## Binomial Expansion When Looking For Just One Term.

Hello again all.

Finding a particular term of an expanded binomial can be tricky. We could just expand the entire binomial but that will be far too time consuming. Instead we will use the formula seen below. The variables n, X, and Y will always be given by the binomial. the "k" is the tricky one. If you can find "k" you will be able to find the particular term that you are looking for.

**t _{k+1} = _{n}C_{k} * (X)^{n-k} * (Y)^{k} ,**

where n is the exponent on the binomial, X is the first term of the binomial, Y is the second term of the binomial, and "k" is the SOB that you will always be trying to find.

I will show you 3 different particular terms that you could be asked to find and how to find "k" in each case.

**The nth term**

(2x-3)^{5}

let's find the 4th term

we have....

k=?

n=5

X=2x

Y=-3

we would set the subscript on t in the formual equal to the term # that we want:

k + 1 = 4

-1 -1

k = 3

Now we can substitute into the formula and find the 4th term........

t_{3+1} = t_{4} = _{5}C_{3} * (2x)^{5-3} * (-3)^{3}

t_{4} = 10 * 4x^{2} *-27

t_{4} = -1080x^{2}

**The middle term**

(x-2y)^{6}

note: in order to have a middle term there must be an odd # of terms, and therefore the exponent on the binomial must be even.

k = ?, (always a problem)

n = 6

X = x

Y = -2y

let's find "k"......

remember from expanding the entire binomial in the last blog that the k's on the right side of the C's started at 0 and increased to the binomial exponent.

the k's in this expansion wil be: 0 1 2 3 4 5 6

the middle "k" is 3

(note: this result shows that if you are looking for the middle term the "k" will always be half of n)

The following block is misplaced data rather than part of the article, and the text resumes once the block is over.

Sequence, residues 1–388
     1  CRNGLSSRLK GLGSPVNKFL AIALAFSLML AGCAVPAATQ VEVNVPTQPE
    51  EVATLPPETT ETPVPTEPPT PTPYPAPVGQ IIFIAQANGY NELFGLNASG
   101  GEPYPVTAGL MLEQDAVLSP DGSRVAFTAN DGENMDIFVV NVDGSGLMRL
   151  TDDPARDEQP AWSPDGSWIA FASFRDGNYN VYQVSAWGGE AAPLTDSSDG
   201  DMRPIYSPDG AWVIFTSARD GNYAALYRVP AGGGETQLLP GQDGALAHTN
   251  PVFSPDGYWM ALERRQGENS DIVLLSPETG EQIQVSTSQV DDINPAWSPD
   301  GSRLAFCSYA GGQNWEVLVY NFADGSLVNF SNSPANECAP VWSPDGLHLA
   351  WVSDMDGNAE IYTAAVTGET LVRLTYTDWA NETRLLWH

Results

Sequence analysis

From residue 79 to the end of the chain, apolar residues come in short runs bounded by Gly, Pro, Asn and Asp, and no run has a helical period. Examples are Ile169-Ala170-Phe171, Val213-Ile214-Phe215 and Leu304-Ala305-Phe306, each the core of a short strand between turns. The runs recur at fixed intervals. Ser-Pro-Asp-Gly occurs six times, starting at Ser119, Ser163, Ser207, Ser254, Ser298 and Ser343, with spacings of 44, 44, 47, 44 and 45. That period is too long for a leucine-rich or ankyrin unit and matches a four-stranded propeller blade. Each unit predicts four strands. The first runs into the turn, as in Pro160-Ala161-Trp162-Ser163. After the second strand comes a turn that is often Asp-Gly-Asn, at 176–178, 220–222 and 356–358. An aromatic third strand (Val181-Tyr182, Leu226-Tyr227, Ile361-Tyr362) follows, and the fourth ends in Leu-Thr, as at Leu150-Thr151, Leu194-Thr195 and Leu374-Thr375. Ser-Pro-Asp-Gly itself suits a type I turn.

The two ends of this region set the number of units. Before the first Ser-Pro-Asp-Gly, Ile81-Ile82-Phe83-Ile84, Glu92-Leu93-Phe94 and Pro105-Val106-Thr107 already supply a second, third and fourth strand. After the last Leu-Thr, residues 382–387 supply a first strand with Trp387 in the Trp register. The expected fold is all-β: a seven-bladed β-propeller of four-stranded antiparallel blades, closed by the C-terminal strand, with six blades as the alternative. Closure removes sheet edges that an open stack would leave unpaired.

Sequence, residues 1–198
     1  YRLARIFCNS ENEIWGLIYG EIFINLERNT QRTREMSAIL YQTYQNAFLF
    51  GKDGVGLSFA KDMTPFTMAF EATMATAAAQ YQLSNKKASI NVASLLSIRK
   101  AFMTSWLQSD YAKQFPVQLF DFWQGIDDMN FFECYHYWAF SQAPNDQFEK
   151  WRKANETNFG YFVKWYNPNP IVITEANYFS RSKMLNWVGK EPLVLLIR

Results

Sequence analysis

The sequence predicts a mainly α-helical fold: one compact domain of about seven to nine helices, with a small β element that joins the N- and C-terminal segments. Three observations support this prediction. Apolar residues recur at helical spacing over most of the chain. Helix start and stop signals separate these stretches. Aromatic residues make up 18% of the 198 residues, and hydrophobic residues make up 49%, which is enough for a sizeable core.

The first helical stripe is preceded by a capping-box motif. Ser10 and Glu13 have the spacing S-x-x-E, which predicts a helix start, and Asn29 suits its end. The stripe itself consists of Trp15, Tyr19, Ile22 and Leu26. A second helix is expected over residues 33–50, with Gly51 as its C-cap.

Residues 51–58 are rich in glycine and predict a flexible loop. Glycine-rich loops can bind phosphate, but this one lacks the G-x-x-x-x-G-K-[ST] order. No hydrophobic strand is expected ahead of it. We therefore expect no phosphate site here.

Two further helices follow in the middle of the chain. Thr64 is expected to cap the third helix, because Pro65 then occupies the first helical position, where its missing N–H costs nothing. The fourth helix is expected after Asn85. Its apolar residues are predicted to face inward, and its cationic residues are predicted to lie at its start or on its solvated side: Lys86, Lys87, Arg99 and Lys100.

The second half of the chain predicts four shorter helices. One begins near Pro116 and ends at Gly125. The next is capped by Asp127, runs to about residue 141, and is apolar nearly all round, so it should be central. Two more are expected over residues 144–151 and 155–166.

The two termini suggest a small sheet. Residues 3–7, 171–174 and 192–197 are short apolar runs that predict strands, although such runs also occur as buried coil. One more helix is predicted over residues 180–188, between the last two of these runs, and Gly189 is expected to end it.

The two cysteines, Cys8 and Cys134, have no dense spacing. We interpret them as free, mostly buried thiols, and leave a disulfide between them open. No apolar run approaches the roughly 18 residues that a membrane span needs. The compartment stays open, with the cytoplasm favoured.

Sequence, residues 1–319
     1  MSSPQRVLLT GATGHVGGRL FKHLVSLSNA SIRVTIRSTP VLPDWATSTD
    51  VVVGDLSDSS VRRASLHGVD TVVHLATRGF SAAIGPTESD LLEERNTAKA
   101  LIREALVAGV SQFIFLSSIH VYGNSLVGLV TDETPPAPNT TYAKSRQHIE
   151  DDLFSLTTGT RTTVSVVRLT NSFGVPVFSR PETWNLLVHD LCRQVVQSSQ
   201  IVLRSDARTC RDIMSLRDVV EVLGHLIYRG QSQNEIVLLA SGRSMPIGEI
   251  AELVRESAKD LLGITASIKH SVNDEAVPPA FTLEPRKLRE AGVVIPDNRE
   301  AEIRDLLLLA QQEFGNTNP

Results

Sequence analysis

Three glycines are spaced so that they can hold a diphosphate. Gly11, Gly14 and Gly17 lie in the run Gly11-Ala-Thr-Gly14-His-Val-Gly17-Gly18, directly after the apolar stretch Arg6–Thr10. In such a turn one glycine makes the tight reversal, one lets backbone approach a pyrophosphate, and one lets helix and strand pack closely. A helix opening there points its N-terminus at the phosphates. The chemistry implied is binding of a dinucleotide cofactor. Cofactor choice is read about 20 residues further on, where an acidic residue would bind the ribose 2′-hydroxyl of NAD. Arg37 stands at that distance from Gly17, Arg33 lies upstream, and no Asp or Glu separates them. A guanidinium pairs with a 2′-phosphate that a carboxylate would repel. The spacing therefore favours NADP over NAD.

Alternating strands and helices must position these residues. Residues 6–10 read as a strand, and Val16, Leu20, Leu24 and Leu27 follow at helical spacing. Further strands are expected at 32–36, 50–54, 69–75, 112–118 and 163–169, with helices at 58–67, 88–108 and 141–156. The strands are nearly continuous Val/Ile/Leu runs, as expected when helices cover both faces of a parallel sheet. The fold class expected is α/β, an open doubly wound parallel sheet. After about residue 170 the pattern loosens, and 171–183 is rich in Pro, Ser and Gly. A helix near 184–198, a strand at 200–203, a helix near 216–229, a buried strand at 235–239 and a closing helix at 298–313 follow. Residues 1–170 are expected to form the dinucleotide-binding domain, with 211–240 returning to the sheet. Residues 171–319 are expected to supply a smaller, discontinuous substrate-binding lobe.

let's find the middle term....

t_{3+1} = _{6}C_{3} * (x)^{6-3} * (-2y)^{3}

t_{4} = 20 * x^{3} * -8y^{3}

t_{4} = -160x^{3}y^{3}

**The constant term**

(3x^{3} + 2/x^{3})^{6}

note: the constant term is usually the last one of an expansion, but if there are variables in both terms of the binomial the constant will be in a different postion if it exists at all

k = ? , as always

n = 6

X = 3x^{3}

Y = 2/x^{3}

let's find "k".......

it is important to realize that in order for a term to be constant it cannot have any x's in it. In every term of the expansion there will be x^{?} in the top and x^{?} in the bottom.

ie x^{4}/x^{2}

Thinking back to your exponent rules, you would subtract the 2 exponents and place the result on a single base, in this case x.

Therefore, the only way to get rid of the x's in one of the terms is to have the exponents subtract to 0, in another words the exponents on the top and bottom must be the same, since x^{0} is 1.

With that in mind we will set the exponents from the 2 terms equal to one another and solve for "k".

3(n-k) = 3(k)

the 3's are exponents from the binomial, and the (n-k) and k are from the formula directly.

3n - 3k = 3k

3(6) -3k = 3k

+3k +3k

18 = 6k

k=3

now let's find the constant term .........

t_{3+1} = t_{4} = _{6}C_{3} * (3x^{3})^{6-3} * (2/x^{3})^{3}

t_{4} = 20 * 27x^{9} *8/x^{9} the x^{9} cancels top and bottom

t_{4} = 4320

The 3 examples covered in this BLOG are the 3 most common types asked on tests but there are others that can be asked as well.

Just remember it is always "k" that you are after. Once you have him you simply plug n, k, X, Y into the formula and do the math.

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